While not ugly, the KDL-40CX523 suffers from a plasticky finish and lacks the sense of solidity that characterises pricier sets. The KDL-40CX523's connections are as comprehensive as those on most high-end TVs, with four HDMIs receiving unexpectedly comprehensive support from a D-Sub PC port two USB slots and an Ethernet socket.
The latter is particularly welcome, since it serves no fewer than three different duties. First, it's there in its mandatory capacity to provide support for the built-in Freeview HD tuner. Second, it enables you to stream photo, music and video multimedia files from a networked, DLNA-capable PC. Finally – and most excitingly, given the KDL-40CX523's aggressive price – it can transport you to Sony's Bravia Internet Video online service.
Bravia Internet Video differs from rival manufacturer's systems by focusing on streaming video. The BBC iPlayer and Demand 5 catch-up TV services are the main headliners, but there's also an interactive Sky News feed, Skype support (if you add a camera), YouTube, LoveFilm, Sony's Qriocity film and music subscription services, plus The World Of Sony, which gives you a decent selection of classic TV series that you can watch, in full, for free.
There's a wealth of more obscure video stuff too, such as golf tips and simple HD clip showcases, with the total adding up to a library of video content that leaves its rival online TV platforms trailing well behind.
Bravia Internet Video doesn't go a bundle on the sort of infotainment and simple gaming apps employed (arguably to excess) on some rival platforms, though Sony has recently introduced Twitter and Facebook and the KDL-40CX523 also sports an open internet browser.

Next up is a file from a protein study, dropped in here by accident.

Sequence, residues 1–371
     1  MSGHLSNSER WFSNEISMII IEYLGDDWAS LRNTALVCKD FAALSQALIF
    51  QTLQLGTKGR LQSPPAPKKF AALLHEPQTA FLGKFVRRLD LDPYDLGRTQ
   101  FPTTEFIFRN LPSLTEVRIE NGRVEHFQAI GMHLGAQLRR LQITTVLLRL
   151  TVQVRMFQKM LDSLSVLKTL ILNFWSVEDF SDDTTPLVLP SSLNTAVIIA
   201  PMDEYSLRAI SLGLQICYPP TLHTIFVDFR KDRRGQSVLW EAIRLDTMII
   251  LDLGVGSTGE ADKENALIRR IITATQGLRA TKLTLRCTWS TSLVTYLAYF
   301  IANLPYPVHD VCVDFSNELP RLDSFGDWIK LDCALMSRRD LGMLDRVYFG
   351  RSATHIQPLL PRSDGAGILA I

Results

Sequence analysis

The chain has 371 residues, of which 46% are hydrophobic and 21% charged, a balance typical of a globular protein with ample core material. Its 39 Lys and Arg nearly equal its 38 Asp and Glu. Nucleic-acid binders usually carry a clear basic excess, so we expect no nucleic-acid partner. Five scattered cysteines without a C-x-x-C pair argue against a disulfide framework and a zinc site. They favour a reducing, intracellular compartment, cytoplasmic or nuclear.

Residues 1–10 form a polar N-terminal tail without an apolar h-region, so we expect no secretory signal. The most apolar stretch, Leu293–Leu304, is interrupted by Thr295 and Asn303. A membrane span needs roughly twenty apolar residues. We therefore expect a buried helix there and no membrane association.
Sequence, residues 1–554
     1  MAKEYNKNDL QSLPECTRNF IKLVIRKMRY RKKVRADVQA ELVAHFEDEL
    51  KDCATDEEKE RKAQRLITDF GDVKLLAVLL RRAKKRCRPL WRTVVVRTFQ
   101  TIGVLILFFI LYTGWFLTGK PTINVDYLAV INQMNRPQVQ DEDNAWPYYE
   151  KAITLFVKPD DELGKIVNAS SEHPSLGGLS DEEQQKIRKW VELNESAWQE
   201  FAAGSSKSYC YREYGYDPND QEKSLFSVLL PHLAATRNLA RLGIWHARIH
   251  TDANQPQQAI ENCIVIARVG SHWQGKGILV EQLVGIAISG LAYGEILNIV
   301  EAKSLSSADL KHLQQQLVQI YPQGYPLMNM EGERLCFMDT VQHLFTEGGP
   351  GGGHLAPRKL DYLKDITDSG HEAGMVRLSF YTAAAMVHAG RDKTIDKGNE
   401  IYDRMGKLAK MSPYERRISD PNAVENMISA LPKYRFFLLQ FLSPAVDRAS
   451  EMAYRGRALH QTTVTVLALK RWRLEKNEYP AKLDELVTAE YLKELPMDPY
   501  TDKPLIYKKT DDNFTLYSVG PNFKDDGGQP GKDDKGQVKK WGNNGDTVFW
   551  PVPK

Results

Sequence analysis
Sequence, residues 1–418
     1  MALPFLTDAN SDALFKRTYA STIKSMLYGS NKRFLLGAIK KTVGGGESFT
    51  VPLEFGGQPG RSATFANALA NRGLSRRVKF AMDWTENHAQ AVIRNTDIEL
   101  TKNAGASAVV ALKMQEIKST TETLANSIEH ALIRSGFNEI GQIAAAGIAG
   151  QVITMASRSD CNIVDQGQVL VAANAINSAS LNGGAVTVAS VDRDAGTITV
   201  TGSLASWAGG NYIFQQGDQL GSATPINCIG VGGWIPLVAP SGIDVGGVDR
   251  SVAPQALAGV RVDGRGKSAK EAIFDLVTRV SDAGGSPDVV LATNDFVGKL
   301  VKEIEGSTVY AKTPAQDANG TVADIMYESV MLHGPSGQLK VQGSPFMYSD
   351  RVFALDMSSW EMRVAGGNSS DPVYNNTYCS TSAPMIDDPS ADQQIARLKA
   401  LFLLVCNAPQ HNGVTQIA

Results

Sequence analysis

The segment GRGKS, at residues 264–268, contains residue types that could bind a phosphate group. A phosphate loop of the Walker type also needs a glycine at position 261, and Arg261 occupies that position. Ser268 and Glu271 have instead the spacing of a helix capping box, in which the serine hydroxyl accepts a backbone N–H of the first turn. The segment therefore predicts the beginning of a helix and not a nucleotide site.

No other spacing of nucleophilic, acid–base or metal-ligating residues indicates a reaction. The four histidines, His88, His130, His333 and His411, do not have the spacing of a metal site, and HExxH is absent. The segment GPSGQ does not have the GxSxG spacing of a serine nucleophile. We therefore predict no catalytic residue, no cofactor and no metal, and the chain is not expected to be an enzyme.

If you don't want to hardwire your KDL-40CX523 into your network, you can use one of the USB ports to add an optional extra (£70-£100) Wi-Fi dongle. You can also, of course, use the USBs for playing back video, photo or music files from USB storage devices.
The KDL-40CX523 has a decent amount of options for tinkerers to get their teeth into. More effort might have gone into ways of enabling you to fine-tune colour tones and the white balance, but the KDL-40CX523 goes as far as you might reasonably expect for this sort of money.
The only potential spec issues worth mentioning are that the scanning is only 50Hz and the backlight is conventional CCFL (Cold Cathode Fluorescent) rather than LED.